I have to admit that I’m not The Dead South’s greatest fan. I am not familiar with all of their music and if Spotify hadn’t snuck in a few of their songs into my personally made daily mixes, I would probably never have discovered them. I do know, however that based on the few songs I heard, that this band had to be witnessed live.
Walking into the sold-out MTelus on a damp and windy night, I laughed to myself when I was handed my ticket. I could not have chosen a better date, November 1st; All Saints Day or Day of The Dead. With all the recent postponement of Halloween hoopla, I pushed past the prospectors, dreadlocks, hipsters and hillbillies, unsure if people were in costumes or simply being themselves.
The show began at exactly 8:00 with Danny Olliver, an indie/folk artist from Regina. He worked really hard at warming up the rowdy Friday night crowd. This was not an easy feat because he performed solo with only his acoustic guitar. He was genuinely surprised that people came to watch the opening acts and was extremely thankful. His voice was sweet and by his third song, I think he succeeded. (Josephine)
The second act was also Canadian indie/folk artist but was a little more intense. Devarrow seemed to feed off of the energy of the crowd and got really amped. He told us that we were the largest audience he’d ever performed in front of which got everyone even more excited.
Finally, around 9:50, the MTelus went dark, four stained glass church windows came up behind the stage and four large lanterns were set at the front. Then, as though arriving through time travel from the 18th century, four pioneers appeared. In their crisp white shirts, black trousers, black suspenders and flat-brimmed hats, The Dead South took over.
Opening their set with “Diamond Ring” from their latest album “Sugar and Joy” (which was just released on October 11th), they slowly worked the crowd until we were all beguiled.
Their haunting blend of banjo, mandolin, cello and guitar create this magical, mystical folkloric sound that is unlike anything I’ve ever heard. They have somehow managed to add a punk rock twist to their bluegrass vibe which makes them truly unique and so much fun to watch perform.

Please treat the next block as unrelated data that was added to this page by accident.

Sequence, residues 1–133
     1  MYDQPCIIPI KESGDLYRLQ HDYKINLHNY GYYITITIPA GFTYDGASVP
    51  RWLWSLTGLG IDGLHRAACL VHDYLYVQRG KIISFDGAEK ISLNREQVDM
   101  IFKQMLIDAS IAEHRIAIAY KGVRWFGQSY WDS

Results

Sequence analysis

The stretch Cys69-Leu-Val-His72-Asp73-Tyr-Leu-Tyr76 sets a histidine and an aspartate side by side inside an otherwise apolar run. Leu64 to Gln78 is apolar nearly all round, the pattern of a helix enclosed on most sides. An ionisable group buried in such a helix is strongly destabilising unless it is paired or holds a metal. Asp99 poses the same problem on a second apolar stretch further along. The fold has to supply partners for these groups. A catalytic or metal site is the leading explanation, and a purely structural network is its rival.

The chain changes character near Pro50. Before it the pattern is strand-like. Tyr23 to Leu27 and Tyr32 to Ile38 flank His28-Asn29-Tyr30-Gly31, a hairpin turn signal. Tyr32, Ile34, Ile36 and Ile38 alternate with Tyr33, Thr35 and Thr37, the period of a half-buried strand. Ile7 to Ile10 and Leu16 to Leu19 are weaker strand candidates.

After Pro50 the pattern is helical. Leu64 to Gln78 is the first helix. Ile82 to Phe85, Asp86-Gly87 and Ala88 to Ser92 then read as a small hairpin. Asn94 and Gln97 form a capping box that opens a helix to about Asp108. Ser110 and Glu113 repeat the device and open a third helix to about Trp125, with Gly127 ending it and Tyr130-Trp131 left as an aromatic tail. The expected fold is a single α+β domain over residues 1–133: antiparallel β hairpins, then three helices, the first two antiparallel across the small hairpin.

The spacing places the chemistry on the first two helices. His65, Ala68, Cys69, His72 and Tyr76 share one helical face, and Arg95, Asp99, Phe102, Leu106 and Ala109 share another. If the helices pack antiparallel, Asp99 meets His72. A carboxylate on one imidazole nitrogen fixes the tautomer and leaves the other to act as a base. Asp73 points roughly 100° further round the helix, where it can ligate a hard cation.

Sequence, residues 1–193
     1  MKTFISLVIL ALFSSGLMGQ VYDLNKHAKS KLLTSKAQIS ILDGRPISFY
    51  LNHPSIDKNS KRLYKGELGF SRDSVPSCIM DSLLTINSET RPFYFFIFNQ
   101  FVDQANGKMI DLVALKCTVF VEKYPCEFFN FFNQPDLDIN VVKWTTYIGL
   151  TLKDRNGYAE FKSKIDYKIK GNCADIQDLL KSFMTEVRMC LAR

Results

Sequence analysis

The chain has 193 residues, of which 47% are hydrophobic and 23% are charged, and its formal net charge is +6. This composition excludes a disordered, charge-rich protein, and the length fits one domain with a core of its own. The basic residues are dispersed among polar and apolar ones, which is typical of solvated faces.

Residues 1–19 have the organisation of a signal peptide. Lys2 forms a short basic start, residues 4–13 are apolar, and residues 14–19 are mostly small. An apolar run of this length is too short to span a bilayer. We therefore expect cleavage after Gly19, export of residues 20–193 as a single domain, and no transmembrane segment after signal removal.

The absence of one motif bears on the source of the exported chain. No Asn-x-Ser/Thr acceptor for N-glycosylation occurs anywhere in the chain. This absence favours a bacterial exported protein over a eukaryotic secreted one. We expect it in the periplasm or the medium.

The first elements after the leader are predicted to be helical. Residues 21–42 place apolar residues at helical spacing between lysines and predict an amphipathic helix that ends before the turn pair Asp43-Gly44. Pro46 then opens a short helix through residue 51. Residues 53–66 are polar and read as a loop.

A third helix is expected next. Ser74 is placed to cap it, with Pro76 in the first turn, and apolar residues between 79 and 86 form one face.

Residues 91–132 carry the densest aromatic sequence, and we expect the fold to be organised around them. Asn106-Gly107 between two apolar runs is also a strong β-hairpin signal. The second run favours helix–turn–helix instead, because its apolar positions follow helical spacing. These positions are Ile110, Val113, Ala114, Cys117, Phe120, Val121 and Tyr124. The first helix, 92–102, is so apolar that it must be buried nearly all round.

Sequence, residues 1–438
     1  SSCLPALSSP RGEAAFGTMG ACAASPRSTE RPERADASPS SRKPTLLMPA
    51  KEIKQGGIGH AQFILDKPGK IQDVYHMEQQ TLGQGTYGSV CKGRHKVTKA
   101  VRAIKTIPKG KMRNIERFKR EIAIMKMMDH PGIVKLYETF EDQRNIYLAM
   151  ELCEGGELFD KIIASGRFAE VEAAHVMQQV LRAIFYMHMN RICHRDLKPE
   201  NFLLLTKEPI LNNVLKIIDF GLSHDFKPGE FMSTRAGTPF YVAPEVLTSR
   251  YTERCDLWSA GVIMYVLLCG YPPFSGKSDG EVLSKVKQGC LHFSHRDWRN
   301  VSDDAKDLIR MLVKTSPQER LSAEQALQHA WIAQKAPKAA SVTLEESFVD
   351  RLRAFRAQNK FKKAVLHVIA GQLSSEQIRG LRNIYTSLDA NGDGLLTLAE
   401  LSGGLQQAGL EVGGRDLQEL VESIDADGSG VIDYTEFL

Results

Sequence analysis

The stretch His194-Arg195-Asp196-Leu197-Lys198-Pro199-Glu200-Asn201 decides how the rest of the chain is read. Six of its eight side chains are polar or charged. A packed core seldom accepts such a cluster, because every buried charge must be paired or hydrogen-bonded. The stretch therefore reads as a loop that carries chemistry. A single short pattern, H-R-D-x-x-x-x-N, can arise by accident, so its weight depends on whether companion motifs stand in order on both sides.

The Dead South who has been referred to as “Mumford and Sons’ Evil Twins”, are a Canadian quartet based in Regina, Saskatchewan. Formed in 2012, these bluegrass rebels are; Nate Hilts (vocals, guitar, mandolin), Scott Pringle (guitar, mandolin, vocals), Danny Kenyon (cello, vocals) and Colton Crawford (banjo). They each have a charismatic presence that is part outlaw, part hero and fully entertaining.
Saving “Snake Man” and “In Hell I’ll Be Good Company” till the end The Dead South did not disappoint. They seemed genuinely happy to be in Montreal, voicing their gratitude for the 2200 tickets sold!
Their ballads of cheatin’, killin’ and drinkin’ are meant to be sung loudly in large groups. As the Montreal crowd stomped their boots, clapped their hands and sang along, I wish that I knew the lyrics. (Next time I will)
“We are the Dead South who sailed across the sea to take back our lives and leave this land of misery
Our will is our weapon our hearts forever bound
Come on now tilt your bottle back and let’s go grab another round
- Diamond Ring
- Time for Crawlin’
- Miss Mary
- The Recap
- Honey You
- That Bastard Son
- Blue Trash
- Fat Little Killer Boy
- Snake Man
- Black Lung
- Heaven In A Wheelbarrow
- In Hell I’ll Be in Good Company
- Crawdaddy Served Cold
- Banjo Odyssey
Review – Annette Aghazarian
Photos – Kieron Yates